FSU CLP 4143 - Chapter 5 – Anxiety Disorders

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What is Anxiety?Condition or experience of being afraidFour types of symptomsPhysiological or Somatic Symptoms  Cognitive SymptomsBehavioral Symptoms  Emotional SymptomsWhy do we get anxious?Fight or FlightA set of physical and psychological responses that help us fight a threat or flee from it.Fight-or-Flight ResponseThe features of arousal and fear are set in motion by the hypothalamusTwo important systems activated:Autonomic Nervous System (ANS)Sympathetic NS**Parasympathetic NSEndocrine System (adrenal cortical system) – hormone releasing systemHypothalamus activates sympathetic NS first; the sympathetic NS acts directly on the smooth muscles and internal organs to produce key bodily changes.HPA AXIS: Hypothalamic pituitary axis; Hypothalamus activates the adrenal cortical system by releasing corticotropin-release factor (CRF), which signals the pituitary gland to secrete adrenocorticotropic hormone (ACTH), the body’s major stress hormone.ACTH stimulates the outer layers of the adrenal glands (adrenal cortex), releasing a group of hormones, the major one being cortisol, epinephrine, norepinephrine.Individual Differences in AnxietyPeople with one anxiety disorder are likely to have anotherPeople differ in:General level of arousal or anxiety“Trait Anxiety”Sense of which situations are threatening“State Anxiety”Situation-based (example: fear of flying)Adaptive vs. Maladaptive Fears3 QuestionsAre concerns realistic given the circumstances?Is the amount of fear in proportion to the threat?Does the concern persist in the absence of the threat?Fear vs. DiagnosisDistress & ImpairmentSevere enough to lower quality of lifeChronic and frequent enough to interfere with functioningIf fear is distressing & impairing, likely will qualify for a diagnosisWhat are Anxiety Disorders?Generalized Anxiety DisorderPanic DisorderSpecific PhobiasSocial Anxiety DisorderObsessive-Compulsive Disorder **Post Traumatic Stress Disorder **Acute Stress Disorder **Generalized Anxiety Disorder (GAD)Generalized Anxiety DisorderGAD = the “basic” anxiety disorderWorry = Key characteristicCognitive component of anxietyAnxious anticipationAnxious all the time; excessive worryPeople with GAD worry about their performance on the job, their relationships, and their health. Worry about minor issues. Focus of their worries may shift frequently, and they tend to worry about many things instead of focusing on only issues of concern.Their worry is accompanied by physiological symptoms, including muscle tension, sleep disturbances, and chronic restlessness.People with GAD feel tired much of the time, probably due to chronic muscle tension and sleep loss.Because of anxiety and worry about situations, people with GAD spend inordinate amounts of time and energy preparing for feared situations or avoiding those situations, are immobilized by procrastination and indecision, and seek reassurance from others.Prevalence & Course3-5% of general populationhighly comorbid with other anxiety disorders…and depression and substance use disorders50% onset in childhood or adolescence; begins in childhood or adolescenceCourse is chronic, but fluctuatesOften worse during times of stressWomen are at greater riskWhat Do People With GAD Worry About?How Does GAD Differ From “normal” Worry?Biological TheoriesBenzodiazepines increase the activity of GABA, a neurotransmitter that carries inhibitory messages form one neuron to another.When GABA binds to neural receptor, it prevents the neuron from firing.GABA TheoryIndividuals with GAD have deficiency in the GABA receptors, resulting in excessive firing in the limbic system (involved in emotional, physiological, and behavioral responses to threat).As a result of excessive and chronic neuronal activity, the person experiences chronic, diffuse symptoms of anxiety.Genetic TheoryBiological vulnerability to GAD is inheritedGeneral trait anxiety may increase riskCognitive TheoriesPeople with GAD think about threat constantly (conscious and unconscious levels) (Beck et al., 1994;1997)Over-predict likelihood and cost of aversive outcomesUnder-predict their ability to cope with outcomesAt the conscious level, people with GAD make a number of maladaptive assumptions, such as “It’s always best to expect the worst”; many of these assumptions reflect concerns about losing control.The unconscious cognitions of people with GAD also appear to focus on detecting possible threats in the environment.Stroop Color-Naming Task – participants presented with words printed in color on a computer screen and must say the color the word is printed in. People are slower in naming the color of words that have special significance to them (disease or failure for people with chronic anxiety) than in naming the color of non-significant words.They are paying more attention to the content of the words rather than the color.People with GAD believe worrying can help them avoid bad events by motivating them to engage in problem solving, Yet they seldom get to the problem solving.Although they are always anticipating a negative event, they tend not to think it through.They avoid visual images of what they worry about, perhaps as a way of avoiding the associated negative emotion. This avoidance prevents them from habituating to the negative emotions associated with the event or considering ways they might cope.Why do some people become vigilant for signs of threat?One theory is that they have experienced stressors or traumas that were uncontrollable and came without warning.People who have had unpredictable and uncontrollable life experiences – such as an abusive parent – also may develop chronic anxiety.The function of worry:Worry prevents bad things from happeningWorry is NEGATIVE reinforcementBiological TreatmentsBenzodiazepines (i.e. Xanax, Valium)Short termVery addictive, many side effectsTricyclic Antidepressants (Tofranil) and SSRIs (Selective Serotonin Reuptake Inhibitor) Paroxetine (Paxil)Paxil reduces anxiety better than benzodiazepinesSerotonin-Norepinephrine Reuptake Inhibitor (Venlafaxine  Effexor)Better than Buspirone in some studiesBetter than a placeboPsychological TreatmentsCognitive Behavioral Therapy (CBT)Helps people with GAD confront the issues they worry about the most; challenge their negative, catastrophizing thoughts; and develop coping strategies.Some techniques:Identify and alter negative automatic thoughtsSelf-monitor worrying“Worry time”Relaxation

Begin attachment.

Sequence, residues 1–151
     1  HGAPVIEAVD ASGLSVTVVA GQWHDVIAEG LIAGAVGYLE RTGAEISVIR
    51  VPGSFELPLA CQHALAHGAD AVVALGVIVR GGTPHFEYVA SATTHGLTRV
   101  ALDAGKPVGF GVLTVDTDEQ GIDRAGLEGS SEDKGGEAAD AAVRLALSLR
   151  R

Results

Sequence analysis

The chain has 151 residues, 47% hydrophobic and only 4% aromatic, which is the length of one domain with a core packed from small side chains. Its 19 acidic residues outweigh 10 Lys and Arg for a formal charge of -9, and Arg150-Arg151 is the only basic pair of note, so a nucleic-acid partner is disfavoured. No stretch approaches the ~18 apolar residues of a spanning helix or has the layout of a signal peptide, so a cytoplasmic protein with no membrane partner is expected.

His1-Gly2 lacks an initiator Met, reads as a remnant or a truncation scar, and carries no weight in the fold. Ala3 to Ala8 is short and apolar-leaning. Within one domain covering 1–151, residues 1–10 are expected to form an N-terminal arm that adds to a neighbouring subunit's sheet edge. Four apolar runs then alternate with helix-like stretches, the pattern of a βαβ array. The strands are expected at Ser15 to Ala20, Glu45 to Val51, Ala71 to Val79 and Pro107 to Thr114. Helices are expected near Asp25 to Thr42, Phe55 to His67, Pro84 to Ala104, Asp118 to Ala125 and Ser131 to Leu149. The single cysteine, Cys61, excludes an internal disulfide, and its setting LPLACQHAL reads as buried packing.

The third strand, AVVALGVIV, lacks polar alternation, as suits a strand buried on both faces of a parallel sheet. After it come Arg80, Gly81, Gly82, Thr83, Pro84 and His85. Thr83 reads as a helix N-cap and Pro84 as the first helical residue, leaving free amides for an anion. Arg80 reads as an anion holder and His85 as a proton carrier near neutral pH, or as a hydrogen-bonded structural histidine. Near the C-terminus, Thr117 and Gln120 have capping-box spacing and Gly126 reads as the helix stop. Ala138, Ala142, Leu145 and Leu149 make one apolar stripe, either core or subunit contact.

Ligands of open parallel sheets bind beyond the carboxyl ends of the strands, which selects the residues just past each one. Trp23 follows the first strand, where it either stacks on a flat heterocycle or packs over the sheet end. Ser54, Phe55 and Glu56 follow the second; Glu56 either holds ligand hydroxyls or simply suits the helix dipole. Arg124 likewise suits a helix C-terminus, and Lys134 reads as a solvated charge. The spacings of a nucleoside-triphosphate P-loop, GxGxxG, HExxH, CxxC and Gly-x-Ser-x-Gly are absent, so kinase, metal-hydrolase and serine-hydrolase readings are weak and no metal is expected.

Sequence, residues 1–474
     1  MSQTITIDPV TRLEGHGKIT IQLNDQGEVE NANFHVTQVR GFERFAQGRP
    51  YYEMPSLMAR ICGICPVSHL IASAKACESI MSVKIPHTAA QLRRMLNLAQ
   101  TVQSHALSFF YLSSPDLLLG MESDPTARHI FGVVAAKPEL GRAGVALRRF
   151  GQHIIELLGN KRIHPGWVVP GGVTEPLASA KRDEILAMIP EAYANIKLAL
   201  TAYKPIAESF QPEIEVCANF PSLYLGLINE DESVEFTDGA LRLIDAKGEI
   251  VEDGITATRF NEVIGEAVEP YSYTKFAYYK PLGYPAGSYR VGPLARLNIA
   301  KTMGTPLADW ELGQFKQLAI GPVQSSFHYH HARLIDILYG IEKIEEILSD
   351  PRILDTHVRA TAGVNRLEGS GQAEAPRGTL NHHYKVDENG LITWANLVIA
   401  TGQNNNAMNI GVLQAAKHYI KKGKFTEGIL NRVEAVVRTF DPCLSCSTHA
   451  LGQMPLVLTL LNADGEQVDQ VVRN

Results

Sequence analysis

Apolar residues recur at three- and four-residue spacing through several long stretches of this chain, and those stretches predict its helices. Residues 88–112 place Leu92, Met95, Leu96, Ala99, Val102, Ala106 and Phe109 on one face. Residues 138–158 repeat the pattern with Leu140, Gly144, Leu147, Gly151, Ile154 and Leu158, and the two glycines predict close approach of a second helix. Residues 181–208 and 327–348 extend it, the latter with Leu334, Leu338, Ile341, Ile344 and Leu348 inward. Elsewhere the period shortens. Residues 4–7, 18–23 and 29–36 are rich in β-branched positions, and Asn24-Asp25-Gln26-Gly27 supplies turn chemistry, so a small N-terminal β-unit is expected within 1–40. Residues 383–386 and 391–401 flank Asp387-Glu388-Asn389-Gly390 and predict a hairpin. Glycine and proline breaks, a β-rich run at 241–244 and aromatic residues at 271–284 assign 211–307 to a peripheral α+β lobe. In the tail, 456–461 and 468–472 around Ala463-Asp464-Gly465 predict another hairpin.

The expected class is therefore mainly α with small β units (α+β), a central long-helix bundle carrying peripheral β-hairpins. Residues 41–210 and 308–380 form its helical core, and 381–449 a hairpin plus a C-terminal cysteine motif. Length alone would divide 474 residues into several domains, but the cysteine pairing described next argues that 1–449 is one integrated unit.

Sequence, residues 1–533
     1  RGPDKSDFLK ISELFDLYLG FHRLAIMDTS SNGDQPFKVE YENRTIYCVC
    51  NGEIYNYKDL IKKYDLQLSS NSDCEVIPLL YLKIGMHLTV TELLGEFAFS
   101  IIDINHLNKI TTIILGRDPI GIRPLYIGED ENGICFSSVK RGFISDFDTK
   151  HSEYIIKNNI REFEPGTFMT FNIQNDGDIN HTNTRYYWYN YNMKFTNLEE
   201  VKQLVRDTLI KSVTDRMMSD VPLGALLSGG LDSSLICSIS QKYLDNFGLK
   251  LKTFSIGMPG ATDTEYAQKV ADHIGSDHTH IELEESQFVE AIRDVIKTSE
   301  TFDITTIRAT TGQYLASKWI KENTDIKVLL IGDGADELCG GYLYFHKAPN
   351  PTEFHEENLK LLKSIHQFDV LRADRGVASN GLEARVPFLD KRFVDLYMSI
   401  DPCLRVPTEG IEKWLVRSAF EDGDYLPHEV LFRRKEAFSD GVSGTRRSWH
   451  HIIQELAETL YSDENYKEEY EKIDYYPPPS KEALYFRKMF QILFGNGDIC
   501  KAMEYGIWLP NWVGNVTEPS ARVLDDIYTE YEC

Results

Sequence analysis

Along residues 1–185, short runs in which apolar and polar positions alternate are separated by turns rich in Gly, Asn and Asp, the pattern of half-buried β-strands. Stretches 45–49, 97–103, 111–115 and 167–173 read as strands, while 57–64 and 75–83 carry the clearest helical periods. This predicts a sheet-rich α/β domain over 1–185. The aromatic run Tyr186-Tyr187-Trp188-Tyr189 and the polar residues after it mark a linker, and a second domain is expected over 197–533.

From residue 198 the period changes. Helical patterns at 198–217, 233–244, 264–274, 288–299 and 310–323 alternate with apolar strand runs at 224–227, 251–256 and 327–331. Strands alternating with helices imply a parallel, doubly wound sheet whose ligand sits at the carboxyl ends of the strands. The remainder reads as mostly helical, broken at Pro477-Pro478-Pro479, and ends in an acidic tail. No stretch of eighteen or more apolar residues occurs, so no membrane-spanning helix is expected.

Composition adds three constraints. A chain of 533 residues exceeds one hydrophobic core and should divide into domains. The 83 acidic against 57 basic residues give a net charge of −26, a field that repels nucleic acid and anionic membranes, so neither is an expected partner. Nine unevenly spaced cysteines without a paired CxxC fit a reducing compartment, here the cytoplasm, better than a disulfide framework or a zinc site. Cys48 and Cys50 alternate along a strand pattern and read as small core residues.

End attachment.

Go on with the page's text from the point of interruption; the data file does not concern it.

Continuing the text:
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FSU CLP 4143 - Chapter 5 – Anxiety Disorders